Sunday, November 19, 2017
Face to Face
Last week I was honored to give the Philip Lerner Memorial Lecture at Case Western Reserve University School of Medicine, my alma mater. I talked about the economics of antibiotics and the broken antibiotic market. Surprised? But I want to talk to you today about another aspect of my visit. I went to their infectious diseases case conference where fellows training in infectious diseases and attending infectious diseases physicians discuss difficult cases as a way of educating themselves and to find solutions for patients.
One case was a patient with a particularly serious lung infection caused by a carbapenem-resistant Enterobacter cloacae and a carbapenem-resistant Stenotrophomonas maltophilia. Aspergilus fumigatus was also identified as part of the mix. By the time the case conference was meeting, the patient had already passed away from his underlying disease and this polymicrobic lung infection. But the physicians present discussed his treatment to show how they were able to piece together a therapy that at least offered some hope for the patient and his family.
The Enterobacter was shown not to produce a carbapenemase. It was in fact, probably a strain with reduced expression of porins combined with a high level of expression of its chromosomal B-lactamase. It was susceptible to sulfamethoxazole-trimethoprim (Bactrim) and to ceftazidime-avibactam. The results for colisitin were not even mentioned. The Stenotrophomonas was typical and was susceptible to sulfamethoxazole-trimethoprim and to aztreonam. This result is because the carbapenem resistance in this isolate was caused by the normal, chromosomally encoded metallo-carbapenemase, L1. Aztreonam is resistant to hydrolysis by L1. The patient was treated with a combination of ceftazidime-avibactam, aztreonam and voriconazle (for the Aspergillus), but the family rapidly withdrew therapy agreeing with their physicians that further therapy would be futile given the disease underlying this terrible infection.
Even though this patient could not be saved, his physicians were able to construct a potentially life-saving therapy for him. Without ceftazidime-avibactam, it is unlikely that other therapies would have even been effective. Sulfamethoxazole-trimethoprim has no real track record in the treatment of serious lung infections with Gram-negative pathogens like those infecting this patient. The other alternative would have been colistin or polymyxin, which, as we know, is both toxic and not very efficacious.
Of course, the combination of aztreonam plus ceftazidime-avibactam, like so many antibiotic combinations we put together for desperately ill patients, is a construct for which there is no good data. We don’t really know if the dosage chosen based on current FDA labels for the individual components of this combination are optimized. But aztreonam-avibactam is in the late stage pipeline and would have been adequate based on careful PK/PD modeling of the dose being studied. A PK study in seriously ill hospitalized adults has been completed and an efficacy trial in such patients is about to start recruiting (finally!!). Lets get a move on, Pfizer!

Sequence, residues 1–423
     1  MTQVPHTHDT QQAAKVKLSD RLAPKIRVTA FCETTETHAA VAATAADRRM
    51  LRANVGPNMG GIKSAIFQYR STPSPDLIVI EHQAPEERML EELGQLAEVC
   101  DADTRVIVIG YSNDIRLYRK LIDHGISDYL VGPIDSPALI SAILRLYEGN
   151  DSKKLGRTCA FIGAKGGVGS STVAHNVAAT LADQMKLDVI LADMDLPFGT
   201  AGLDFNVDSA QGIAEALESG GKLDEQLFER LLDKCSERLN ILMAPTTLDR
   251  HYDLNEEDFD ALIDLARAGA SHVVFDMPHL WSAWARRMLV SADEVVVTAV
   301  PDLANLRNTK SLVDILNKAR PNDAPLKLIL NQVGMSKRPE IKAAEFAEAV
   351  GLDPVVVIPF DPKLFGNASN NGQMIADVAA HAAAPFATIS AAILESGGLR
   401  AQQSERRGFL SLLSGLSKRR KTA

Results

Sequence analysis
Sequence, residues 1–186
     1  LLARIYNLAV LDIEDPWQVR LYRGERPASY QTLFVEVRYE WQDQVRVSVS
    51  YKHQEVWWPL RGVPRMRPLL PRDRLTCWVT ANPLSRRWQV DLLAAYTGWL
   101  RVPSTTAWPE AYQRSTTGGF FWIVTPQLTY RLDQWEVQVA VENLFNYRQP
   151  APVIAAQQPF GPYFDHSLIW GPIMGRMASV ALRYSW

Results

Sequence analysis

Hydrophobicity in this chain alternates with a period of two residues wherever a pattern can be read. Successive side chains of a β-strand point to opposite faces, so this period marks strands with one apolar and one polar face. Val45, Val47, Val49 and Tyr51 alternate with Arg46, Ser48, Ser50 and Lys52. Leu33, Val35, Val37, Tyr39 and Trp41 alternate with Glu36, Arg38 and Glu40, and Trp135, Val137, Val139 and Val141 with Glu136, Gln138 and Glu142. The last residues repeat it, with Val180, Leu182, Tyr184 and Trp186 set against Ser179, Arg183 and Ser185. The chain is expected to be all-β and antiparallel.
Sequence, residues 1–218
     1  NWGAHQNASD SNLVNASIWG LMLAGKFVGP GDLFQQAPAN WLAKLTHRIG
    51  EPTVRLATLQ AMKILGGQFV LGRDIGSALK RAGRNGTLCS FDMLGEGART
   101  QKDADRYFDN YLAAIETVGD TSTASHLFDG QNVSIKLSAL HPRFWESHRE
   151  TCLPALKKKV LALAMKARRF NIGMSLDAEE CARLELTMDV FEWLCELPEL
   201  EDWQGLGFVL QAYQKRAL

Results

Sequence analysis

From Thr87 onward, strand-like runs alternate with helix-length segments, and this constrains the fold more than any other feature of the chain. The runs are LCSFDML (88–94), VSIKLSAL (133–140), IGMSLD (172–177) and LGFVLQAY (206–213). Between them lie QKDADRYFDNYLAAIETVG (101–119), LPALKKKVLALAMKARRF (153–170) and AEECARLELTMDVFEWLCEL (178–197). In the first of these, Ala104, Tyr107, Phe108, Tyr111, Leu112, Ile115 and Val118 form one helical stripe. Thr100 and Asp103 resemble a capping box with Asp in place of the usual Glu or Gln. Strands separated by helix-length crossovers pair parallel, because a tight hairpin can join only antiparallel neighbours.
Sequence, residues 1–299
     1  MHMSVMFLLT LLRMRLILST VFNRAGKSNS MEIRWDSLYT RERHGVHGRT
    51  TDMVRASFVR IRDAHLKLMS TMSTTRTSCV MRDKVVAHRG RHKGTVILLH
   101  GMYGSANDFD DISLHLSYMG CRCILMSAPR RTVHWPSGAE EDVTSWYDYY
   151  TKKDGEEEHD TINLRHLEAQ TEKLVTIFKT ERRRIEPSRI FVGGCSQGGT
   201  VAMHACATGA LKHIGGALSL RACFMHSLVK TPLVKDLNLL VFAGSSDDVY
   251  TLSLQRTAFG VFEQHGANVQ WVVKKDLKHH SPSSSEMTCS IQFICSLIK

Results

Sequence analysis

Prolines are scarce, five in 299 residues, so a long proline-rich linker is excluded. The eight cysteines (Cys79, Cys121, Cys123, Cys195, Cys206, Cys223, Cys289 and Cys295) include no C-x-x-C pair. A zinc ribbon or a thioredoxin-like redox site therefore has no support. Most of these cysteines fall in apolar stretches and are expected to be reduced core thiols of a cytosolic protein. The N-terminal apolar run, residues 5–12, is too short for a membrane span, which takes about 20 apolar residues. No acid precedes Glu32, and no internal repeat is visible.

The physicians at the case conference asked me a difficult question. Why, they asked, was ceftazidime chosen as the partner for avibactam and not aztreonam. In fact, we struggled with this question back at Novexel because we knew that both drugs would have been good partners on a scientific basis. We hesitated about aztreonam mainly because it simply was not used clinically outside the realm of clinical trials. Its main advantage over ceftazidime, as demonstrated by our patient, is that it resists hydrolysis by the metallo-B-lactamases such as L1. At Novexel we thought that these infections were still rare in most areas of the world and we didn’t know whether they would increase in frequency or not. So we divised a strategy to develop both ceftazidime-avibactam and, shortly thereafter, aztreonam-avibactam. In fact, one of the constant arguments against pursuing aztreonam-avibactam was that physicians would simply use the very combination utilized for our patient. We thought that we needed a strong dosage rationale that would optimize therapy compared to the dosing physicians might randomly choose in administering this combination for which there is precious little data. Our strategy was ultimately taken over by AstraZeneca (now at Pfizer) and Forest (now Allergan) and the rest is history.
Without ceftazidime-avibactam, and hopefully in the not too distant future, aztreonam-avibactam, and other therapies to come, patients and physicians will be left with few options for patients like this one. There are probably thousands of patients around the globe with infections like this one where, unlike our case, patients have a real chance at full recovery from their infection – given that we have effective antibiotics with which to treat them. Our hope lies in the continuing availability of new antibiotics (and maybe other antibacterial therapies). That hope is not going to be realized given today’s paltry pipeline.